Call it a craft, call it a balancing act, or call it magic. It’s a wonder when it works.

What themes do you think are best left for older audiences?

Emblazon headshot

Learn more about Lia London and her writing (some tween, some young adult, some adult) at or follow her on Twitter at @LiaLondon1

New Release: Of Mice and Momphibraks

MOT 1 coverA collection of satirical princess stories and spoofed fairy tales begins with the first installment of A Maze of Tales~Of Mice and Momphibraks.  Each short story will come out on Amazon for kindle, and when the collection is complete, a paperback anthology will bring the whole mess (…er maze) together.


The first tale begins in a kingdom so ridiculously far, far, far away from anything else that potential conquering (or at least pestering) forces couldn’t be bothered to make the journey for such a small patch of land, no matter how fertile the fields or how full of magical mice.  Princess Pennilopintha is about to find true love…but not until her prince cuts the cheese.  Literally.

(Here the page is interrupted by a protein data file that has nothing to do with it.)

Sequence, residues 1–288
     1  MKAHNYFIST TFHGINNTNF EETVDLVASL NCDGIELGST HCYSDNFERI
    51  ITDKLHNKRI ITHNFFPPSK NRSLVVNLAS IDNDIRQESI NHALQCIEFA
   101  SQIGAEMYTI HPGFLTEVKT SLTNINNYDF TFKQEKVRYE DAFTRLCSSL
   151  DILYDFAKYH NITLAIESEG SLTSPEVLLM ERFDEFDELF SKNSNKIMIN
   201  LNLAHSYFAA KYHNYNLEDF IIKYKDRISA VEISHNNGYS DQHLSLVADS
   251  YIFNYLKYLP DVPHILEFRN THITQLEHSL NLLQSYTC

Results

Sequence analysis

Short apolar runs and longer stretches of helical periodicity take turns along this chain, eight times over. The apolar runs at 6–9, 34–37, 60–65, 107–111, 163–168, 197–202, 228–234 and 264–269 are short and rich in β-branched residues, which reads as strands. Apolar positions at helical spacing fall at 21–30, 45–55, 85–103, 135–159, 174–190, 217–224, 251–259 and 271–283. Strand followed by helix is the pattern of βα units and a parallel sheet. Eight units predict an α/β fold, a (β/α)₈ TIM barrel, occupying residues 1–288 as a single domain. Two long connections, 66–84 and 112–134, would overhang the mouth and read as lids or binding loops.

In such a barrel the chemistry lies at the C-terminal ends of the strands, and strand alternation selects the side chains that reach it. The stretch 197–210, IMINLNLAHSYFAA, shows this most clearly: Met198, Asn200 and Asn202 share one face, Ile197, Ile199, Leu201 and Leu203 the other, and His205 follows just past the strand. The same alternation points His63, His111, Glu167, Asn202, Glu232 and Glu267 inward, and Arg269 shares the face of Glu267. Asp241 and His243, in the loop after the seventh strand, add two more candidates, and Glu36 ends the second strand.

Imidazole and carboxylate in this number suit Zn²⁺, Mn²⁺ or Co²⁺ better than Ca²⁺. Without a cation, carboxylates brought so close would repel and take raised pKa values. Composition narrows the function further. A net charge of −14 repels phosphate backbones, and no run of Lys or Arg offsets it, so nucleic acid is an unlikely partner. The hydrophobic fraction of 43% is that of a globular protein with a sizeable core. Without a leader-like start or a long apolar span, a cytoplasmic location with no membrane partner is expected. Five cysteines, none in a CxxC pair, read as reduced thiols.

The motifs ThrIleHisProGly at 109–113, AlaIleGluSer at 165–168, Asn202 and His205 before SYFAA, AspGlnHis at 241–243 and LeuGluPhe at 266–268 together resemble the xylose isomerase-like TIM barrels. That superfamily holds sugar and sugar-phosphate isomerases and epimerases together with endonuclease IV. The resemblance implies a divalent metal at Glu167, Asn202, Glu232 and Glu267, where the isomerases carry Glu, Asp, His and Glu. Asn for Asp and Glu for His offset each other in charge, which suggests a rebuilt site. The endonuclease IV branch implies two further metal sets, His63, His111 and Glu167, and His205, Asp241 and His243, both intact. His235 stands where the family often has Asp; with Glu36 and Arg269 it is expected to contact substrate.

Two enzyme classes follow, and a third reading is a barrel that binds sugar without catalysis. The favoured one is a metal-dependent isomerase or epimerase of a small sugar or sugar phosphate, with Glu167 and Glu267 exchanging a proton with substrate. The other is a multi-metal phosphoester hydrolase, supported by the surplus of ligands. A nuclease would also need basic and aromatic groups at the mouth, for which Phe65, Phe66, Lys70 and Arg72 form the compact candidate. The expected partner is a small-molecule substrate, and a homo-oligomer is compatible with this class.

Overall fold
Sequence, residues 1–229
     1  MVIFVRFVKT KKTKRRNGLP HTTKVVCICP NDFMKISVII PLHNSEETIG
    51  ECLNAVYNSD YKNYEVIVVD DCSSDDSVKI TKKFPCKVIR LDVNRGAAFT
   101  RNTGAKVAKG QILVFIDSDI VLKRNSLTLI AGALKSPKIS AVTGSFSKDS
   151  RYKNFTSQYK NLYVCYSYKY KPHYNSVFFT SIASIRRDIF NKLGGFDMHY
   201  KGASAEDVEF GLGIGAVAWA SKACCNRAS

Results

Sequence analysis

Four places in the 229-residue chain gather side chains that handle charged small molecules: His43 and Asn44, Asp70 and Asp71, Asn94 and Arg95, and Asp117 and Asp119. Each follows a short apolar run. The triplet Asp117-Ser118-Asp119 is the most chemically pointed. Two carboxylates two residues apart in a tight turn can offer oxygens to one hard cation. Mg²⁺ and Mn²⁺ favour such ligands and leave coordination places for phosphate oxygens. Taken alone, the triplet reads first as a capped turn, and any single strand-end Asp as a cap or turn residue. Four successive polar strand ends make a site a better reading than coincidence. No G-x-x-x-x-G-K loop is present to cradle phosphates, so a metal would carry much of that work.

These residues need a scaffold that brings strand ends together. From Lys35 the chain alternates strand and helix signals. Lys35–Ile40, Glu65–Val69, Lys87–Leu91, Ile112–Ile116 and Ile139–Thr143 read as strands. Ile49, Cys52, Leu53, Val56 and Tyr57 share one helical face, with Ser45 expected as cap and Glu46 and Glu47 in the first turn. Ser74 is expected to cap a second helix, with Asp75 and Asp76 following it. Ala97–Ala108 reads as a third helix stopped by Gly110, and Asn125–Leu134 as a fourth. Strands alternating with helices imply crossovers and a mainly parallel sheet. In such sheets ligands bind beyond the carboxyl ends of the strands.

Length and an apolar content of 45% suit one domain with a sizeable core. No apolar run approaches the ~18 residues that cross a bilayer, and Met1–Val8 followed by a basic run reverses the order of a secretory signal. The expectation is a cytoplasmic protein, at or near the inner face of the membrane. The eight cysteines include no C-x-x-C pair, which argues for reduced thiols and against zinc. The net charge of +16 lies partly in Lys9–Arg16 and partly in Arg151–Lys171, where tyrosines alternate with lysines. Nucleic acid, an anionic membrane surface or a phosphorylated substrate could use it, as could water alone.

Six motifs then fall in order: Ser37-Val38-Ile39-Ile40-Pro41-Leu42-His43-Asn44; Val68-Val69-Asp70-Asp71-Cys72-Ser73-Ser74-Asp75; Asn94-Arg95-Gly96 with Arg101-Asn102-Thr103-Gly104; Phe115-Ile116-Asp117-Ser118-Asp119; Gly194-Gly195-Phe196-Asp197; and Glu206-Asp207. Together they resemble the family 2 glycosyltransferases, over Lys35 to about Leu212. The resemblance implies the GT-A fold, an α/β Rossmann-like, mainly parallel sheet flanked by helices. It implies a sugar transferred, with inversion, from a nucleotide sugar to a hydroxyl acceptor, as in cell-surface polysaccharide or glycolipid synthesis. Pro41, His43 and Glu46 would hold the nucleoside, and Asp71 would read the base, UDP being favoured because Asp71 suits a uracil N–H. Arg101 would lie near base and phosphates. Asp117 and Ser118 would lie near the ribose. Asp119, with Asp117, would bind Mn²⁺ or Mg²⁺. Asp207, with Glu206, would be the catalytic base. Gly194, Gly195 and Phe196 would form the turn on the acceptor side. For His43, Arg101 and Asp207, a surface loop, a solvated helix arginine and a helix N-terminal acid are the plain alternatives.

Coming soon: Saccharine White (she smiles with artificial sweetness)!  Each story is connected to the one before it by at least one character, and they will all eventually loop back around to the beginning.  Think of them as baseball cards or stickers and be sure to collect them all!

Emblazon headshot

For more on Lia London, see


Where’s Mom and Dad?

IMG_5779Once upon a time, we were kids.  We hated homework and lima beans, and we loved cartoons and fart jokes. Energy abounded, and so did laughter, grass stains and candy wrappers.  Soap and finished chores were much harder to find.  Our parents were background furniture unless they served as vending machines who dispensed bandaids, snacks or new shoes.  We thought they were nuts most of the time, except when they were being boring or mean.

And then we grew up and became parents ourselves.  Some of us decided to write for the very children we used to be.  We create stories full of imagination and adventure, mystery and humor.  We’re usually pretty good at including the things we had and did in our youth, but we often forget–as we did then–the parents.